The Cast of âSweetie Pieâsâ Is Taking Over [INTERVIEW]<br />

It's been just over a year since EBONY.com last chatted with “Miss Robbie” Montgomery, the 72-year-old restaurateur and star of OWN's hit docuseries Welcome to Sweetie Pie’s. ​ Now in its third season, the NAACP Image Award-winning show premiered with its highest ratings yet and follows the matriarch and her clan – son and business partner Tim Norman, nephew “L’il Charles” Crenchaw, Tim’s fiancée Jenae Wallick and their baby boy, TJ—as they balance love, family and their famous St. Louis soul food chain.  

If three restaurants and a hit show aren’t enough to whet your appetite for Montgomery family values, soon HarperCollins will publish a ‘Sweetie Pie’s’ cookbook featuring delicious deep South dishes with a side of humorous stories and advice. The family also just released a song written by Tim and featuring Miss Robbie's vocals called, "Do the Sweetie Pie," complete with a music video and line dance. EBONY.com caught up with the whole fun-loving family as they celebrated another great season and a future full of promise.

EBONY: With so much family in the mix, what’s a typical day like in the restaurant?

TIM NORMAN: Me and moms get in two or three arguments a day, Charles shows up late, and if he doesn’t show up late he shows up on time, but disappears somewhere during the day and Jenae yells at me for various things.

EBONY: What are the arguments usually about?

ROBBIE MONTGOMERY: Tim thinks he knows more than I do, [and] he tries to tell me what to do. He’s got a million ideas, and because I don’t think they’re all great, he wants to go back and forth with me about them. In the end, we end up agreeing to try some of his ideas, but not all of them ‘cause mom knows best.

CHARLES CRENCHAW: Which is why they end up arguing the next day, ‘cause the other path that didn’t get tried has to get tried that day. They go back and forth all the time.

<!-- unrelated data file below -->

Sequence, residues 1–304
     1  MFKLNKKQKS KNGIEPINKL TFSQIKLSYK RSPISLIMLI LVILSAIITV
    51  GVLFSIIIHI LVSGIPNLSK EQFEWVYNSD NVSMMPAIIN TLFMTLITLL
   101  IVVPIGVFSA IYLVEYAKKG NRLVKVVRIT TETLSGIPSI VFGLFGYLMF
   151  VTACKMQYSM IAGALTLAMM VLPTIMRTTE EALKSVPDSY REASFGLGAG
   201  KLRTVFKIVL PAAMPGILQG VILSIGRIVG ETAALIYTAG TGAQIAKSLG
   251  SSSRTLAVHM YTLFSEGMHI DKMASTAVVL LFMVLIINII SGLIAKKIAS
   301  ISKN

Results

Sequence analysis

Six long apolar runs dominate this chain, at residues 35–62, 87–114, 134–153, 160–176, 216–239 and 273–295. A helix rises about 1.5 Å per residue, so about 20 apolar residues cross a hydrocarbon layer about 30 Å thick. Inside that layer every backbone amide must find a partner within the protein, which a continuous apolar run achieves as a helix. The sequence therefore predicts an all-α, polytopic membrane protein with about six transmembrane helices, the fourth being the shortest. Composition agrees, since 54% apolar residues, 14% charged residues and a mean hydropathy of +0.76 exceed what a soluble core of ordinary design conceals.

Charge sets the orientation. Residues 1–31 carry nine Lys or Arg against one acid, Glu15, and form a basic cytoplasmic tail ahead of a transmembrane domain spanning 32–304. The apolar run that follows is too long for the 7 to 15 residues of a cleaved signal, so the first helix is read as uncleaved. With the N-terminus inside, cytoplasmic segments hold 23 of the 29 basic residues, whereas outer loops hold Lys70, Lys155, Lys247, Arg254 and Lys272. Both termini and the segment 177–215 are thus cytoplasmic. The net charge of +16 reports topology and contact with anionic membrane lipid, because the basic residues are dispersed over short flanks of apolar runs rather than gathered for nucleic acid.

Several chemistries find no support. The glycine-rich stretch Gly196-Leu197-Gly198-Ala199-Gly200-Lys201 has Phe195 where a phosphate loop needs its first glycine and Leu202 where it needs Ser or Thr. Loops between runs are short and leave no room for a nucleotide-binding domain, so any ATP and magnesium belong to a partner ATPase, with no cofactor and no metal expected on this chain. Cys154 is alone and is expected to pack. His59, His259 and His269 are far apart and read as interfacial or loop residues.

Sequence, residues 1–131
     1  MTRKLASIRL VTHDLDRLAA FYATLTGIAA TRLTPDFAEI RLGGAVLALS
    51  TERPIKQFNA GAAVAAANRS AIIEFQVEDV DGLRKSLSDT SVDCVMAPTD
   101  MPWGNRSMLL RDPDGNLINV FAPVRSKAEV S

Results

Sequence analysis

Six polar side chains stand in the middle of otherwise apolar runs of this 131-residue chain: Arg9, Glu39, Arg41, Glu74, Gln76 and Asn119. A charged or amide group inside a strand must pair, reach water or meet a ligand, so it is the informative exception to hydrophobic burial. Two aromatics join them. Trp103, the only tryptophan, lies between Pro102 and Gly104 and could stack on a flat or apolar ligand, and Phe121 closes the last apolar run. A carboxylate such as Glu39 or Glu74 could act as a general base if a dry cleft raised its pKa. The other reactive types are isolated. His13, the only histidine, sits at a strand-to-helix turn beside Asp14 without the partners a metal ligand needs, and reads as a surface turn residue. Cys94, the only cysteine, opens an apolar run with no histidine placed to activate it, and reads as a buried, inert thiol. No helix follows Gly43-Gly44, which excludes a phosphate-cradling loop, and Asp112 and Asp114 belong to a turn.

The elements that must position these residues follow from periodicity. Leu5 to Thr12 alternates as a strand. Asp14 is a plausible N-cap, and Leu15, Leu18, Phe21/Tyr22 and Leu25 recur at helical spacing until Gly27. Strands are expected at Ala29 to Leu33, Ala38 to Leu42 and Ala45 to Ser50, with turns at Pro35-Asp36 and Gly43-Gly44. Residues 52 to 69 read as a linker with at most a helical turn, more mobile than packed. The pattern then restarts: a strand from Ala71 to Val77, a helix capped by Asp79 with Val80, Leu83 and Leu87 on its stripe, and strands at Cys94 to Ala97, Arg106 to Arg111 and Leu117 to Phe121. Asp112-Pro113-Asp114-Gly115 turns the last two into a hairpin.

JENAE WALLICK: And then there’s the [idea] Tim sneaks in without saying anything to Mom about, so when he gets those over that’s when the trouble really starts.

TN: I call that a Nike: I “just do it”!

RM: And that pisses me off!

EBONY: Janae, how is it just being in the mix of all this all the time?

JW: I definitely didn’t sign up for this! I met Tim in the restaurant when he was really just working the register. I had no clue who he was. I met him when I came on a Sunday after church. When he first came up with this idea [about pitching the show], I was a little bit stand-offish to it, but I just figured whatever I could do to support him I was gonna do it. So that’s how I ended up here.

Watch

Miss Robbie and family teach us how to "Do the Sweetie Pie"

EBONY: With three restaurants in St. Louis, are you looking to build more in other cities or states?

CC: At one point in time, we do wanna make it to where everybody can have their own restaurant. You know, there’s one in Texas, there’s one in California, there’s one in New York—so I run one, Tim runs one, Aunt Robbie runs one, Aunt Linda…but I haven’t told anyone this yet.

EBONY: So this is one of those “Nike” moments.

CC: Yup! Just gonna do it.

EBONY: Is it automatic that every [family member] gets to take part in the business now?

RM: As far as I’m concerned, when they’re born [into the family] that’s their job: they go into the business.

CC: I’ve been [at the restaurant] since I was 14.

RM: And then the other kids are there bagging [food] at seven, eight and nine.

JW: When Tim and I first got together, I was on the register, and I was bagging! And I had a full-time job.

EBONY: Since you’re at the restaurant cooking all day, every day, does that mean you cook again when you get home?

RM: No! It’s all take-out.

TN: If you go to her house, my house, or anybody’s house, there’s no food -- no lunch meat, no cereal; it’s all take-out boxes.

CC: If you come to my house, there might be some cereal. But it’s probably old because we eat out 24/7—breakfast, lunch and dinner.

EBONY: Although the restaurant business is your life now, Miss Robbie, you just recorded this new song, "Do the Sweetie Pie." Do you miss your life singing back-up for Tina Turner as an “Ikette,” and performing all over the world?

RM: I do miss it, [but] I kinda relate it to the restaurant. Here, I’m trying to pick what foods [people] like; when I was singing I was trying to pick what song the audience [would] like. It’s the same thing to me: making people happy.

Catch Welcome to Sweetie Pie's every Saturday at 9/8c only on OWN